Recently, the American Legislative Exchange Council (ALEC) released its 16th edition of the annual report titled “Rich States, Poor States: ALEC-Laffer State Economic Competitiveness Index.” The report ranks the economic competitiveness of each state, and once again, Louisiana is found to be last.

Louisiana ranks dead last in economic performance, which measures the state’s performance based on three variables. Employment growth and net migration have both been negative over the past decade, whereas total GDP growth has been astonishingly sluggish.

On the other hand, Louisiana ranks 26th in ALEC’s measure for economic outlook, which uses fifteen state policy variables to determine each state’s comparative outlook. This is a forward-looking forecast based on variables that include tax rates and burdens, government debt and the size of government, and labor standards and costs.

Louisiana is solidly in the middle of the pack because there are some factors where rankings are good, such as being a right-to-work state and having no estate taxes, a relatively strong expenditure limits, and a low property tax burden. However, all of these excellent ratings are offset by terrible ratings on the sales tax burden, the size of the state’s debt, the number of public employees as a share of total population and having a terrible rank on the judicial hellhole list.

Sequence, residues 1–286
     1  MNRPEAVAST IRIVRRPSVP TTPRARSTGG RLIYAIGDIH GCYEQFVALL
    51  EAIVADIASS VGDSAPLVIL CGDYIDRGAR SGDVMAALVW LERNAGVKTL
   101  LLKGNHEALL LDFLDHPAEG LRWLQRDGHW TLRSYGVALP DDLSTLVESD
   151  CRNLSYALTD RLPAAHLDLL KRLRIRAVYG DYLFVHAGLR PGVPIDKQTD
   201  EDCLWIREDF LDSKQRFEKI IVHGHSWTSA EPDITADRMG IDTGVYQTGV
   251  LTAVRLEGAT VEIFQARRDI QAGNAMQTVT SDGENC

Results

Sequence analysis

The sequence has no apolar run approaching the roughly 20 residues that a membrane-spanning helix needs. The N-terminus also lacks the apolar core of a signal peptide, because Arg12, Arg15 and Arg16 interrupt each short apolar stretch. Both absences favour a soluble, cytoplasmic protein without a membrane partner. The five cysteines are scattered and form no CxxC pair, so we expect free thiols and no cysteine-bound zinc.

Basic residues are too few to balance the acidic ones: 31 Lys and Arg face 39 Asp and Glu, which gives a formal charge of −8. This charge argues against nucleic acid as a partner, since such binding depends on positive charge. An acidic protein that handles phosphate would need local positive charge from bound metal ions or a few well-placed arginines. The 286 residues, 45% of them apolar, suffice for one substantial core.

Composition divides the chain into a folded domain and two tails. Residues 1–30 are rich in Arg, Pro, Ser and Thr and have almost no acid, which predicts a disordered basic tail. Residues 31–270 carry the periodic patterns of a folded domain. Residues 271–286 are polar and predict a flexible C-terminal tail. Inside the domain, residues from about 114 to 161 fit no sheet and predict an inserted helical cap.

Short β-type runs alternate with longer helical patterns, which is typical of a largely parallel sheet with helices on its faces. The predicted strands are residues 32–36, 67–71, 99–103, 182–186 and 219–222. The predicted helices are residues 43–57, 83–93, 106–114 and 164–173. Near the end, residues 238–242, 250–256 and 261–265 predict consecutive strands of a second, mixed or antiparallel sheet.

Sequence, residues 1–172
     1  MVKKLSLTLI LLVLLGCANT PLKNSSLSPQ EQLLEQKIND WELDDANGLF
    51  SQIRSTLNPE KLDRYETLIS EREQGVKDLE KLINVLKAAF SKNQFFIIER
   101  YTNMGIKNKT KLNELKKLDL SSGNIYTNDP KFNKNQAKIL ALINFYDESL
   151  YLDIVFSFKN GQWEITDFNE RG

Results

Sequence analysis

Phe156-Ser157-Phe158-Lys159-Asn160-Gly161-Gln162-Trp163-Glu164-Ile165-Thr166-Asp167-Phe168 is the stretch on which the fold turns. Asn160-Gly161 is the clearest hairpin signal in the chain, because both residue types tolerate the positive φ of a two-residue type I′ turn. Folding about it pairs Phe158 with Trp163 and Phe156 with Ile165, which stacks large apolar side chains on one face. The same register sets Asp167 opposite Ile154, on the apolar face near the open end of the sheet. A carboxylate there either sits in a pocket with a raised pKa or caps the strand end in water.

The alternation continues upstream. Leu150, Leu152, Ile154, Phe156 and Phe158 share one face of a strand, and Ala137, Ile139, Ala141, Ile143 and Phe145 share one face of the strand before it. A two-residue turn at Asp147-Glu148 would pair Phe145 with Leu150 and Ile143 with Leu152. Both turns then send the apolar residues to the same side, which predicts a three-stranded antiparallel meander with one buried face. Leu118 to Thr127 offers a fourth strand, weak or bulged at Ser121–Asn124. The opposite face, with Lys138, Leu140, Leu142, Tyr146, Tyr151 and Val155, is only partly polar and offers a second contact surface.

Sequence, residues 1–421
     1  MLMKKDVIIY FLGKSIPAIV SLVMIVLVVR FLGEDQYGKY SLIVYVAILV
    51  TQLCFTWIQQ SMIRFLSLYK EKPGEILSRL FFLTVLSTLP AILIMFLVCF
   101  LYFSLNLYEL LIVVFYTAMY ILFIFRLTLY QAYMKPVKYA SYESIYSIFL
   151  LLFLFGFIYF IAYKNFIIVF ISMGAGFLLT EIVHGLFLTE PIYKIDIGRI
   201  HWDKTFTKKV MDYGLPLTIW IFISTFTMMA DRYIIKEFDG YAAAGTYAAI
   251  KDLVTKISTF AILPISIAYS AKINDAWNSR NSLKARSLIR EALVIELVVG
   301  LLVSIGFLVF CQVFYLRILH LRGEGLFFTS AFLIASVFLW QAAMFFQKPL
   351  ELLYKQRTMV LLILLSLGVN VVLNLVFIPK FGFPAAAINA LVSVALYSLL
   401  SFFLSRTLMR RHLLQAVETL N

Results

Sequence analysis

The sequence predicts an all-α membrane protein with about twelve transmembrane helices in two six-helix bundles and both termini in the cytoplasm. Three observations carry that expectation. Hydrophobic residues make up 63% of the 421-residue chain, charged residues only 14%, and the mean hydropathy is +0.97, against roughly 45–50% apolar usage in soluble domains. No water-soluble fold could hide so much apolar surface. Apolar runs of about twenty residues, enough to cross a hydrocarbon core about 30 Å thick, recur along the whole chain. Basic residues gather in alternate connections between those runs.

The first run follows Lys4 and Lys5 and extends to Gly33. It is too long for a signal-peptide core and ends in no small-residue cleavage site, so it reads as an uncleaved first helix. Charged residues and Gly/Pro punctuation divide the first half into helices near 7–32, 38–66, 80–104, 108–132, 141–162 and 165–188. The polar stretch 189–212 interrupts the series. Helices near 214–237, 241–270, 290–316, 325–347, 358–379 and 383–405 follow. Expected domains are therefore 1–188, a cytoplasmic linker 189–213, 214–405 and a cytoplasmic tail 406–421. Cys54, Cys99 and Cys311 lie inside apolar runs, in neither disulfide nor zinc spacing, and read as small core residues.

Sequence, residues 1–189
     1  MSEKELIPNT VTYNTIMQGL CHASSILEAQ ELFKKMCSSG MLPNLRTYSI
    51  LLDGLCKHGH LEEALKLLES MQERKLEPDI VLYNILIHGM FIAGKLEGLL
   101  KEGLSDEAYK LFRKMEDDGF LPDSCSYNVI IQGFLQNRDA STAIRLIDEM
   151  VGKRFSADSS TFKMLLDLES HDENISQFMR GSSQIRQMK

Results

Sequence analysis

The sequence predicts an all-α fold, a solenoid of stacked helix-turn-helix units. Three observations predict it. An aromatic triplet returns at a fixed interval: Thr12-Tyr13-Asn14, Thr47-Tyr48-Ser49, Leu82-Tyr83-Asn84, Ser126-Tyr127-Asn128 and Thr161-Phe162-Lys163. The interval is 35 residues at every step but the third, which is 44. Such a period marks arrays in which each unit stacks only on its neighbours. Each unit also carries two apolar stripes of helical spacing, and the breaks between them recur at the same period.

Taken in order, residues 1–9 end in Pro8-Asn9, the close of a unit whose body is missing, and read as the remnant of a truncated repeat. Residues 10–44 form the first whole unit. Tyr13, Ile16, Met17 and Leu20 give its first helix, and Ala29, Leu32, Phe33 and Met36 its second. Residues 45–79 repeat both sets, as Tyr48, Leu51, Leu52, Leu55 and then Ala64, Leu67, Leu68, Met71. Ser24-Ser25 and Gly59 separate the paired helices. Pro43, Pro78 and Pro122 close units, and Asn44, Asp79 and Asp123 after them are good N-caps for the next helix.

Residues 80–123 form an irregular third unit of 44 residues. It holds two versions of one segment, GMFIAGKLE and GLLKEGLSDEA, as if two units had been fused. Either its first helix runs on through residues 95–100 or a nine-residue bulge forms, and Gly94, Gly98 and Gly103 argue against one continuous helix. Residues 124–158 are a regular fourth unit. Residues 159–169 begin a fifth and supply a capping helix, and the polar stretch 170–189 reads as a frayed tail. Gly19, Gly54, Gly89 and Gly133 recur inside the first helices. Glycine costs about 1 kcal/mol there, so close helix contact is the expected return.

Despite the seemingly positive outlook rank, Louisiana still lags behind all of its southern counterparts:



North Carolina



















What are these states doing differently? They are lowering and flattening income tax rates or have no income tax, and they have lower government-related costs of labor, better budgeting, and smaller government.

ALEC’s report puts Utah at number one in the economic outlook rank. Utah has an overall lower tax burden, smaller government, and lower costs of labor. Its economic performance ranks second best with a rapidly growing GDP, growing population, and growing employment.

Pelican recently highlighted one of the reasons Utah recovered from the pandemic shutdowns faster than any other state: social safety net reform. Utah’s “one door” policy integrates safety net and workforce systems to ensure seamless service for the state’s poor to rise out of poverty and into the dignity of work. This concept plays an integral role in the economic success of the state.

Louisiana, too, can succeed like Utah. Just look at our state’s assets: five of the top fifteen ports in the country, the most active natural gas sector, numerous oil refineries, affordable land, unparalleled food and culture, and not to mention the mouth of the mighty Mississippi River. That’s enough to position any place to be an economic powerhouse.

There is no reason for Louisiana not to succeed. It’s why Pelican has released Louisiana’s Comeback Agenda with recommendations to foster dignity and a prosperous life, allowing citizens to flourish.